Plan International

New In-Depth Case Study: FrontlineSMS Used for Rapid Prototype of mHealth Service

One of the major strengths of FrontlineSMS is the wealth of knowledge and experience existent in our vibrant community of users. In order to enable our community to share lessons learned from deploying FrontlineSMS, we are in the process of building up a collection of in-depth user case studies. Acting as a guide for those who aim to use FrontlineSMS in their own programs, these case studies can be used by practitioners as well as be passed on to managers, donors and others seeking to learn more about using mobiles for social change.

The latest of these case studies is out today, and is based on Georgetown University’s Institute for Reproductive Health (IRH) using FrontlineSMS to provide a rapid prototype of a new mHealth service. This service — called CycleTel™ — empowers women by providing them with accessible reproductive health information through SMS. You can find a guest blog post about this project here, and you can find out more and read the full case study here.

Each of the case studies is produced in partnership with an organization using our software to enable positive social change. The case studies provide analysis of the need for FrontlineSMS in different contexts, show the preparation required for using our software, demonstrate lessons learned by different users and the impact FrontlineSMS can have towards enabling positive social change.

The new case study we have made available today accompanies another case study released last year in partnership with Plan International, which is based upon their use of FrontlineSMS to track incidences of violence against children in Benin. Both case studies are available on our newly styled Case Studies webpage. Previously this webpage showed the wealth of guest blog posts we have from FrontlineSMS users, and these are still linked to directly from the same webpage. However, moving forward, this webpage will also be used to house the small but growing library of more in-depth FrontlineSMS case studies.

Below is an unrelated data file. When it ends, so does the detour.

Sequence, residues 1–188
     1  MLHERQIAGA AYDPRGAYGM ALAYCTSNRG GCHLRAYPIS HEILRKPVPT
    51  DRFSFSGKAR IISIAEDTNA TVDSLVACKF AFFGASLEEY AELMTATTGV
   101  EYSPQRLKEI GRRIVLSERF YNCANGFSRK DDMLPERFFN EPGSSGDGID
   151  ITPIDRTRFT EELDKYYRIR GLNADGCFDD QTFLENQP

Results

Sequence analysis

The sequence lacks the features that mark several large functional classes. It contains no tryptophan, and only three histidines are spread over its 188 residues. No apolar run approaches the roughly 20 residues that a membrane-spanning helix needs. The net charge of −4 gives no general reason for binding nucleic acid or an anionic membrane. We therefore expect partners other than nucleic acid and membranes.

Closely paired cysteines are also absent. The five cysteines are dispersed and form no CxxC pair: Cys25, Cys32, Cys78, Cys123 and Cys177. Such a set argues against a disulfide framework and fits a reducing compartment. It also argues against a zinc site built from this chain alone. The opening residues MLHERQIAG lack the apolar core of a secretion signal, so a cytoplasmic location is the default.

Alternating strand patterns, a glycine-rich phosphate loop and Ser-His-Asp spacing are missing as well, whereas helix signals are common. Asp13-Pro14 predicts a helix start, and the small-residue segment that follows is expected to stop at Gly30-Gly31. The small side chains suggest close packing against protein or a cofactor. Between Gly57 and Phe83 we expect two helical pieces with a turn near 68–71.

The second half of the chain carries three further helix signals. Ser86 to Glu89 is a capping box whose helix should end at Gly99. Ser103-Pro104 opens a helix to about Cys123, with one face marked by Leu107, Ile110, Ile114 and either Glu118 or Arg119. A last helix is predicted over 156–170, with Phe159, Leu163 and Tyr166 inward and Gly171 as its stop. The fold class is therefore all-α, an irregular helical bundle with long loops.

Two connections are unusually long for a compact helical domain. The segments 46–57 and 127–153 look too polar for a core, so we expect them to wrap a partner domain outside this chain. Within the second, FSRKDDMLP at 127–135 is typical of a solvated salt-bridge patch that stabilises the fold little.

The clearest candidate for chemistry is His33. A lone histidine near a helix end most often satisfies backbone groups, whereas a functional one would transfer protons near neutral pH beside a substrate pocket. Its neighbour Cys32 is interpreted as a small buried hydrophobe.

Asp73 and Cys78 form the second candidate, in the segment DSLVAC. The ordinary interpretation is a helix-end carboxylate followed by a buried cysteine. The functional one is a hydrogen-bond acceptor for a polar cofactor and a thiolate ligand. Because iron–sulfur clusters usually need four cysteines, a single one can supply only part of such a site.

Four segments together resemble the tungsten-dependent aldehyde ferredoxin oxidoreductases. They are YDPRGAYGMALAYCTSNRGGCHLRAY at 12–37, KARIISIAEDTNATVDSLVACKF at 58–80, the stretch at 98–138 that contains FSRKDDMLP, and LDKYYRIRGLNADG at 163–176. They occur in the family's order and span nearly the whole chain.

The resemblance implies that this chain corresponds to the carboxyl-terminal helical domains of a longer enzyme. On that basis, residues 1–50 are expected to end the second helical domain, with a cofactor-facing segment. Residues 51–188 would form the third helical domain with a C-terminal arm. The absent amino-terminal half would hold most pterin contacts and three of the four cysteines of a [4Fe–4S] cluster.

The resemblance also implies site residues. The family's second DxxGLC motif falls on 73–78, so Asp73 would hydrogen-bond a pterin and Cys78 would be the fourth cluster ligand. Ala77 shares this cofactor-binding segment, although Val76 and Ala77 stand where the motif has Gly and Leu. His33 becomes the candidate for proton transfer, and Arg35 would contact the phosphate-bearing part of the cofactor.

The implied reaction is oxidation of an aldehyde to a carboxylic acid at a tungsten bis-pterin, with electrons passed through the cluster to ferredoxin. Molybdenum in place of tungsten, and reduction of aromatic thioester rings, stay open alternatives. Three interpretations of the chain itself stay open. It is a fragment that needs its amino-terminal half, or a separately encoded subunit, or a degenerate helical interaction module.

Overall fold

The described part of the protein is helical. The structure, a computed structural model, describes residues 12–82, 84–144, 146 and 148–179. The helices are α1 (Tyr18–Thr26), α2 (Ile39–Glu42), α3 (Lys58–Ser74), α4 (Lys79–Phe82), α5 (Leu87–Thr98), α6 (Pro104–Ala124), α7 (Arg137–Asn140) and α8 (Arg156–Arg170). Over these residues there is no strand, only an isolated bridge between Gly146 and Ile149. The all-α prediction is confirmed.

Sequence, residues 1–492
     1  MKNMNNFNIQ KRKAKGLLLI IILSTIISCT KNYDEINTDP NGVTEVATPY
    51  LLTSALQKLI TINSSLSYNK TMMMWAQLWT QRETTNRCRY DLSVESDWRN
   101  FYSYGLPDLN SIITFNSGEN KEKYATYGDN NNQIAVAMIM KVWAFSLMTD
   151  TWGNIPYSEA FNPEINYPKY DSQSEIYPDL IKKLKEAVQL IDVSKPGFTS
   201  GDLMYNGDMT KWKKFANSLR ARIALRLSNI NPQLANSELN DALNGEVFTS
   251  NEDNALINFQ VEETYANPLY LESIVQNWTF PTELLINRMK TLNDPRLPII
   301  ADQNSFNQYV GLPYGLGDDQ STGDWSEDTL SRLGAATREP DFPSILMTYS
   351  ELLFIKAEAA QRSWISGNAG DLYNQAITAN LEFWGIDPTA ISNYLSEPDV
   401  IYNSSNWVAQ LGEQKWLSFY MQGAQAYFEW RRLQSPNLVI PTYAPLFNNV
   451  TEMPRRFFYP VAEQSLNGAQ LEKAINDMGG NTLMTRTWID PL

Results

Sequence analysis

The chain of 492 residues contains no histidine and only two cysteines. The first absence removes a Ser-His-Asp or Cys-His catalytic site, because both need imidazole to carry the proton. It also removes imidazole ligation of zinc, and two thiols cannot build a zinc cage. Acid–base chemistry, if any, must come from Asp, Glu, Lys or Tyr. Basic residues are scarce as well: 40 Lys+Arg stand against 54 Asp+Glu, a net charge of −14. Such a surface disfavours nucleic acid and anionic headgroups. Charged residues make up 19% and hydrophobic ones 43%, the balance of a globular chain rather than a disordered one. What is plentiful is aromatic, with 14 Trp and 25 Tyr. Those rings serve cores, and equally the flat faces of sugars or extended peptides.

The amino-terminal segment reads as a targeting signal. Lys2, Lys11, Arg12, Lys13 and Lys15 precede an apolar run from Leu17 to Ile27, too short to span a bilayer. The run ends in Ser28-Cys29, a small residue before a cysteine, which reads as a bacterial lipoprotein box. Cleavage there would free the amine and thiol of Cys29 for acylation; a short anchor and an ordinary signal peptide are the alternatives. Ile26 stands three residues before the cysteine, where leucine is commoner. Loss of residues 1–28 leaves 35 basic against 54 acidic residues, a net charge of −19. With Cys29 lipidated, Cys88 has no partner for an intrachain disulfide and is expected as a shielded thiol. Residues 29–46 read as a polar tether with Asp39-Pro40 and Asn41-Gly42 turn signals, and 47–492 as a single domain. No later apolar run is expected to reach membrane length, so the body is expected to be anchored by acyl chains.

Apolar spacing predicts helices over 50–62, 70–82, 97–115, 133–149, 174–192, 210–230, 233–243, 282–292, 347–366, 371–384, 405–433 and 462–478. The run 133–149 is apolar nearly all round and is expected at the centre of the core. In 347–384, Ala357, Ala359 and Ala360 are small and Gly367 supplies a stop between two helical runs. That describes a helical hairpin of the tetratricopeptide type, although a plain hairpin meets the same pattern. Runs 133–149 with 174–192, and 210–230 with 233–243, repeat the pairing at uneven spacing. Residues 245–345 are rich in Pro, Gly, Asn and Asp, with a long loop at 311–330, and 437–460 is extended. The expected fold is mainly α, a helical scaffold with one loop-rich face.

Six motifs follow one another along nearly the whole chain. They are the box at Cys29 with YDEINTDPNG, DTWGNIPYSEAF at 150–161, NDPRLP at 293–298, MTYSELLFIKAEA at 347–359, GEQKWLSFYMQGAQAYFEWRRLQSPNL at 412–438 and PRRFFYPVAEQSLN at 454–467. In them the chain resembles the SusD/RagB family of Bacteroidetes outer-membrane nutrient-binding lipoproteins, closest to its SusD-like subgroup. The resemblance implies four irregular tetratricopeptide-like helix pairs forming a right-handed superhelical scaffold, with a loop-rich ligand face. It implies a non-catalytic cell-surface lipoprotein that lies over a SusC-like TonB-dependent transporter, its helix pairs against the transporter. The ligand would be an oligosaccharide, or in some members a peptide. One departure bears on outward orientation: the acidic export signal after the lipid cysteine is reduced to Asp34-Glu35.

If you are using FrontlineSMS for your work and think your program would make a great case study, then please do feel free to get in touch. If you would like to share ideas and feedback on our newly released case study, please visit our community forum here to share your views. Your input is always welcome!

We would like to take this opportunity to thank Georgetown University’s Institute for Reproductive Health (IRH) and Plan International for working on these case studies with us. In addition, many thanks goes to Tim Howe for his ongoing website support, Jessica Lo for her graphic design work, and to FrontlineSMS Hero Megan Goldshine for her graphic design support, too!

FrontlineSMS introduced to youth group in Kenya

The FrontlineSMS team is always keen to engage with those using FrontlineSMS for social change projects across the world. It is really valuable for us to hear user’s stories, and find out the advantages and challenges of using our software in action. This summer, Tufts University student and FrontlineSMS intern Emily Wyner visited Nairobi, with support from Groupshot and the Institute for Global Leadership, to find out more about FrontlineSMS users in this buzzing city. Here she shares her experiences of helping a youth project get started using FrontlineSMS software.

Throughout my time with FrontlineSMS, one thing has become very clear: effective program design is crucial to successfully integrating mobile software into social change initiatives. I was delighted when given the opportunity to help Plan Kenya (part of Plan International) in piloting their use of FrontlineSMS to help support their local partners.  This was my chance to observe and assist the process of getting started with FrontlineSMS from initial thoughts, plans, and assumptions to final implementation. I have discovered some interesting things along the way, and it’s great to be able to share the beginning of this journey.

My initial visit with Plan Kenya was really exciting. I first spoke with Aggrey and Irumu, members of the Plan team, to give them a thorough run-down of what FrontlineSMS software is and does. They asked some brilliant questions about cost and requirements, and were keen to lay the groundwork for a sustainable project. We brainstormed smart ways to pilot the software on a small scale, such as using it for internal office communication and management or setting up one Nairobi-based youth group with FrontlineSMS to determine if it improves relations with their members.  Soon enough, I was sent onward to meet with Purity and Bernard,  Plan Kenya’s ICT experts. They too were very enthusiastic about the software, and promised to be in touch regarding some of the pilot prospects.

Following this they arranged for me to meet with some representatives from Jipange, an umbrella organization of 16 youth groups in the Embakasi area, and one of the organizations Plan Kenya supports. I went to meet with Jipange accompanied by Purity and Aggrey, as well as Adam from Groupshot and Jordan from TechChange, too. Plan Kenya had set up the meeting in order to discuss and arrange for Jipange to pilot FrontlineSMS in their programming.